What does the Pasuk mean when it writes that "Sarah took Hagar" (which appears superfluous)?
Rashi: It means that she talked Hagar into agreeing 1 to marry Avraham, by telling her how fortunate she would be to cleave to a man as holy as Avraham.
Gur Aryeh: One can "take" an object, but not a person, for a person is defined by his thinking (Da'as), which cannot be "taken" forcefully. Rather, "taking" a person means verbal persuasion, aimed at his reason. (This is reflected in Targum Onkelus, where "taking" a person is consistently translated with the root "Devar.") Also refer to 2:15:0.1:1.
What is the significance of "ten years"?
Rashi: That is the time-period that a man may live with a wife and try to have children, before becoming obligated to marry another woman in order to fulfill that Mitzvah. 1
Gur Aryeh: But perhaps it happened in this case that ten years had passed, and not because of their Halachic significance? If so, the phrase "at the end of ten years" would be superfluous.
Why does the Pasuk specify that ten tears had elapsed "since Avraham settled in Eretz Kena'an"?
Rashi: Because once a person moves to Eretz Yisrael, the years that he lived in Chutz la'Aretz do not count. 1
On what basis did Avraham agree to live with Hagar, who was a Shifchah, and to whom the prohibitions of "Lo Sih'yeh Kedeishah... Lo Yih'yeh Kadeish" (Devarim 23:18) therefore applied?
Targum Yonasan: In fact, Sarah set Hagar free. 1
The question remains however, that the Torah itself constantly refers to her as "Shifchah." (See for example, the next two Pesukim, where Sarah is also referred to as her mistress.) Moreover, the angels who subsequently spoke to her referred to her as a Shifchah! (Also refer to 16:6:1:1, 16:6:2:1.) Also see Ohr ha'Chayim to 16: 6-7.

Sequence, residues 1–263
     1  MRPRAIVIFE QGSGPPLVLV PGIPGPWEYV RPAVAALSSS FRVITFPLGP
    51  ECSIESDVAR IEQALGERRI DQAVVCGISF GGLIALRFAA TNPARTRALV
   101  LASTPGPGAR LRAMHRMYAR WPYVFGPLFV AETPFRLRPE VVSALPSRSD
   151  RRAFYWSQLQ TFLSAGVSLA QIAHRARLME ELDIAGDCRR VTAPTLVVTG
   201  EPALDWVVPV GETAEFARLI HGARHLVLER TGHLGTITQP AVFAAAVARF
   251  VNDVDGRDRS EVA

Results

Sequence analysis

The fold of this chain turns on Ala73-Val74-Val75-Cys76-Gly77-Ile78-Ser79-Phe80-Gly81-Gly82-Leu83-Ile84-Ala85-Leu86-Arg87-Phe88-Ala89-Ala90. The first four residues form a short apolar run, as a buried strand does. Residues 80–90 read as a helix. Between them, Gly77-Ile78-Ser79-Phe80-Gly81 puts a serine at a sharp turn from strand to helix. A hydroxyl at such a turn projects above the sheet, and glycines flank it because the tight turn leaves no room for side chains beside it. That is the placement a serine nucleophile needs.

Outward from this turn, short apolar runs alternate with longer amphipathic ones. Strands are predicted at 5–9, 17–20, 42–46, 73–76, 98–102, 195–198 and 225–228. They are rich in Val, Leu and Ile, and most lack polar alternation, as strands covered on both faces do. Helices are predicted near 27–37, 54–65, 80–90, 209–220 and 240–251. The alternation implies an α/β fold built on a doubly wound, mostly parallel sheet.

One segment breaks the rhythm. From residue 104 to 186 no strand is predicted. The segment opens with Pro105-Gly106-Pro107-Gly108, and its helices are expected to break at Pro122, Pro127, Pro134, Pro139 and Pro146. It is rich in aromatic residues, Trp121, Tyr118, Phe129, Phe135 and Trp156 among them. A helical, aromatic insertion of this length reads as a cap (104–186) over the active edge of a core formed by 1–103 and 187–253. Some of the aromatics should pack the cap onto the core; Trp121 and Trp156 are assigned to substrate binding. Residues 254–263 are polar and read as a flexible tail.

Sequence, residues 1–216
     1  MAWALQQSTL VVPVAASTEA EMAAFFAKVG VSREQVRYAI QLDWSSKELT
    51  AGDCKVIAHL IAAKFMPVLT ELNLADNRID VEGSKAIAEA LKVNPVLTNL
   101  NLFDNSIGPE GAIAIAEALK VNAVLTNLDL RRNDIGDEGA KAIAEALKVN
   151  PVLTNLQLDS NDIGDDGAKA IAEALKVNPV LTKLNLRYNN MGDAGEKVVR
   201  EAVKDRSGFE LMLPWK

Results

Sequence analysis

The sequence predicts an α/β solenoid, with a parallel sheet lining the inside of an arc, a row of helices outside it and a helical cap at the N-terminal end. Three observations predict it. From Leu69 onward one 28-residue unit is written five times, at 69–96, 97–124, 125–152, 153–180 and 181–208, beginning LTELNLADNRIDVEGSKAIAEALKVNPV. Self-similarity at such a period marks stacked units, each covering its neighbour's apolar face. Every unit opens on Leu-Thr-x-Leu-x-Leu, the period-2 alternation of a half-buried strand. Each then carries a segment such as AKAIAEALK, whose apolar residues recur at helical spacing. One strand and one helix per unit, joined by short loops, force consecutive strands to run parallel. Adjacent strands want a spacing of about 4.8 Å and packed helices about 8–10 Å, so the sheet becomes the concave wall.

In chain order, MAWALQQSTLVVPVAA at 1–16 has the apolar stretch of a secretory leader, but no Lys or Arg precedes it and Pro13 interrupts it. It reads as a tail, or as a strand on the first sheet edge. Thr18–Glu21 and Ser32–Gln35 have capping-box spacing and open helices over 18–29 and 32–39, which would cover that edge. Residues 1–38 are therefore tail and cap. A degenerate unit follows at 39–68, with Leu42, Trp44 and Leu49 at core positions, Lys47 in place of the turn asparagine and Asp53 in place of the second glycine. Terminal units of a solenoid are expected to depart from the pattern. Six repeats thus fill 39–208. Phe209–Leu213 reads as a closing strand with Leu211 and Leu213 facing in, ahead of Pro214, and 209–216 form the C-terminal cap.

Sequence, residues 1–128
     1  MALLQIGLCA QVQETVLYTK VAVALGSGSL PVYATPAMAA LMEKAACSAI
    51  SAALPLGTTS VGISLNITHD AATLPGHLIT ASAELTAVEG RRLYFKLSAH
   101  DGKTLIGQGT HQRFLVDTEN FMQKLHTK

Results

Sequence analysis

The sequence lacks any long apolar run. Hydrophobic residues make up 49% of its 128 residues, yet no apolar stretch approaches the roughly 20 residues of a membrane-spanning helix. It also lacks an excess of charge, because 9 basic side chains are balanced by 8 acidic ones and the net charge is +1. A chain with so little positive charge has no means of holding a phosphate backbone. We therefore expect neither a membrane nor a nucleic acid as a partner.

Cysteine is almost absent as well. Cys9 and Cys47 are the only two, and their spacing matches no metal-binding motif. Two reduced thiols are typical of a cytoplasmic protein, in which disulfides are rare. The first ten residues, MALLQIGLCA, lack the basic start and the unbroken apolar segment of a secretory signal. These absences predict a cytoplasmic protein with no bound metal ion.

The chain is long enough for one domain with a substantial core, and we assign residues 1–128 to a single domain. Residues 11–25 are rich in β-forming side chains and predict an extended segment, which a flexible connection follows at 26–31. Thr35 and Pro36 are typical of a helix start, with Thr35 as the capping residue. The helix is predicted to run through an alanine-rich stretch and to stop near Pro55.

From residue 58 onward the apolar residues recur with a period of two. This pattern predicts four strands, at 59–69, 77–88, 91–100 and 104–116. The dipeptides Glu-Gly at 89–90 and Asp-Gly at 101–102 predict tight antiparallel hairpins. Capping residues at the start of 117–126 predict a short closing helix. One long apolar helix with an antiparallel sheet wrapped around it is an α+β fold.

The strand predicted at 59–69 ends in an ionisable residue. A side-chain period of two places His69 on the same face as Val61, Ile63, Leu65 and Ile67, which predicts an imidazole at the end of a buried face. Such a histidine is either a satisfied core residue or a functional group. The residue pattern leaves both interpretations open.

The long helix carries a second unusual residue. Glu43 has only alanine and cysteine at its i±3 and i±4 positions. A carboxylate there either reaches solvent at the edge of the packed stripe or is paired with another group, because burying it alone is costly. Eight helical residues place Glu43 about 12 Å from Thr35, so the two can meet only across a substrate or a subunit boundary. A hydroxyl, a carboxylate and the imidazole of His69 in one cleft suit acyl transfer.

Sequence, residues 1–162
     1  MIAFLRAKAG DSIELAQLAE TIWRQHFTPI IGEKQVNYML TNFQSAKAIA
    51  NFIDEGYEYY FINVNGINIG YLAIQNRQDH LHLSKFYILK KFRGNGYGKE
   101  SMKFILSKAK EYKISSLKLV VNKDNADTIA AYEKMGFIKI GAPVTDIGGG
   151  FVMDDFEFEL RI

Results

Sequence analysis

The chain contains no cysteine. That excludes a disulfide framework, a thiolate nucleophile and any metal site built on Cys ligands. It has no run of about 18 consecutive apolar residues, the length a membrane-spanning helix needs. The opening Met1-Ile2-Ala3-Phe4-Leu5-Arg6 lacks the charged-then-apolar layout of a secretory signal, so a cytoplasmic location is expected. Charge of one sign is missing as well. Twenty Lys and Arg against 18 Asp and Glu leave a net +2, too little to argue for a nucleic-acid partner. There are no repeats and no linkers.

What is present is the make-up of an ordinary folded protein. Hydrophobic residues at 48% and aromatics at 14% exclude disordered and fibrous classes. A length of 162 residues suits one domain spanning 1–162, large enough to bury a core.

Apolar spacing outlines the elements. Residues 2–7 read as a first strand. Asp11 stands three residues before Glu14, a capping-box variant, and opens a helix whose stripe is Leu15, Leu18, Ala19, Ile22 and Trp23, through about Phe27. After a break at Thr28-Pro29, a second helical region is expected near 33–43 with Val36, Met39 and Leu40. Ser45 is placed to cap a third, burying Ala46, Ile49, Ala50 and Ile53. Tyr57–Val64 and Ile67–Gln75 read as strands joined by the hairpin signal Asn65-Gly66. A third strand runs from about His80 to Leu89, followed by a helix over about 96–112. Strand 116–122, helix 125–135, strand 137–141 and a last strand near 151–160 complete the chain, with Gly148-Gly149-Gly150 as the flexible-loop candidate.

QUESTIONS ON RASHI
Rashi writes: "Living in Chutz la'Aretz does not count [towards the ten years], because the promise of 'I shall make you a great nation' (12:2) was not said until Avraham arrived in Eretz Yisrael." Ramban asks - But this Halachah applies to any person, not only to Avraham [who received this promise]!
Gur Aryeh: Rashi was troubled with the question that Avraham himself should have counted his years living in Chutz la'Aretz, for he had not yet been commanded to live in Eretz Yisrael. Rashi therefore answers that Avraham had also not yet been promised, "I shall make you a great nation."
Rashi writes: "The promise of, 'I shall make you a great nation,' was not said until Avraham arrived in Eretz Yisrael." How then does the Gemara (Yevamos 64a) derive from here that regarding any person, living in Chutz la'Aretz does not count?
Gur Aryeh: Just as Avraham was able to have children only in Eretz Yisrael, so too every person is most suited to the land for which he was created. We can assume that the sin of living in Chutz la'Aretz would be the cause.
Rashi writes: "Living in Chutz la'Aretz does not count [towards the ten years]." To be more precise, if one ascends to Eretz Yisrael, the years living in Chutz la'Aretz do not count; but if one remains in Chutz la'Aretz they do count, and he must marry another after ten years. Why don't we learn from Avraham, who did not marry another during the many years he was in Chutz la'Aretz?
Gur Aryeh: Avraham himself was unable to have children in Chutz la'Aretz; there was therefore nothing to gain by marrying another. Regarding another person, if he ascends to live in Eretz Yisrael, we may presume that it was the adverse affect of Chutz la'Aretz and we allow him another ten years. If he remains in Chutz la'Aretz, however, he may not absolve himself of the Mitzvah of Peru u'Revu forever on the basis of such a presumption.
Rashi writes: ""Living in Chutz la'Aretz does not count [towards the ten years]." How can we learn this Halachah from Avraham, if he was [then] physically unable to father children (Yevamos 64a)?
Gur Aryeh: If Avraham did not re-marry until now due to his own condition, why does the verse add, "at the end of ten years"? Rather, the purpose of this verse is to teach us about other people. Avraham himself would be healed through prayer.